While building computer systems for Fortune 100 companies in the '80s, Jim developed innovative client-server computing models, implementing some of the first successful LAN-based client-server systems. He also created a highly successful iterative development methodology uniquely suited to this new systems architecture.

As Lab Director at PC Week, Jim developed and refined the product review as an essential news story. He expanded the lab to California, and created significant competitive advantage for the leading IT weekly.

When he became editor-in-chief of Windows Sources in 1995, he inherited a magazine teetering on the brink of failure. In six short months, he turned the publication into a money-maker, by refocusing it entirely on the new Windows 95. Newsstand sales tripled, and his magazine won industry awards for excellence of design and content.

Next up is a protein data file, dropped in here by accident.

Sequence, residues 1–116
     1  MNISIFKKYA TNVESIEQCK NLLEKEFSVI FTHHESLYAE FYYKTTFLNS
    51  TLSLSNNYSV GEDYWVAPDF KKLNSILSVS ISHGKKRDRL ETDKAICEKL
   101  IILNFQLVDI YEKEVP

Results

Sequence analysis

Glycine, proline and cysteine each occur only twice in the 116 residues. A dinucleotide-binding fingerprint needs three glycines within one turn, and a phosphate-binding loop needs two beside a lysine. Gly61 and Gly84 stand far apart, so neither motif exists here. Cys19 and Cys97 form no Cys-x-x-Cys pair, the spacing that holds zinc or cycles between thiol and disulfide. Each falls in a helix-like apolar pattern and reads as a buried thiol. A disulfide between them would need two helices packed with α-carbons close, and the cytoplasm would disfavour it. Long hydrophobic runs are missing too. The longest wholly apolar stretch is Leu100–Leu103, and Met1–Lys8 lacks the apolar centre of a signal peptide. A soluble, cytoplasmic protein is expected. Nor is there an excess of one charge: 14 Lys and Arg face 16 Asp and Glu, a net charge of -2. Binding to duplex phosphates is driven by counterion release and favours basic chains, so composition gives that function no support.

In 1997, Jim launched TechTV's content, creating and nurturing a highly successful mix of help, product information, news and entertainment. He appeared in numerous segments on the network, and hosted the enormously popular Fresh Gear show for three years.

In 1999, he developed the 'Best of CES' awards program in partnership with CEA, the parent company of the CES trade show. This innovative program, where new products were judged directly on the trade show floor, was a resounding success, and continues today.

In 2000, Jim began developing, a daily, live, 8 hour TechTV news program called TechLive. Called 'the CNBC of Technology,' TechLive delivered a daily day-long dose of market news, product information, technology reporting and CEO interviews. After its highly successful launch in April of 2001, Jim managed the entire organization, along with setting editorial direction for the balance of TechTV.

In the summer or 2002, Jim joined Ziff Davis Media to be Editor-In-Chief and Vice President of Media Properties, including ExtremeTech.com, Microsoft Watch, and the websites for PC Magazine, eWeek and ZDM's gaming publications.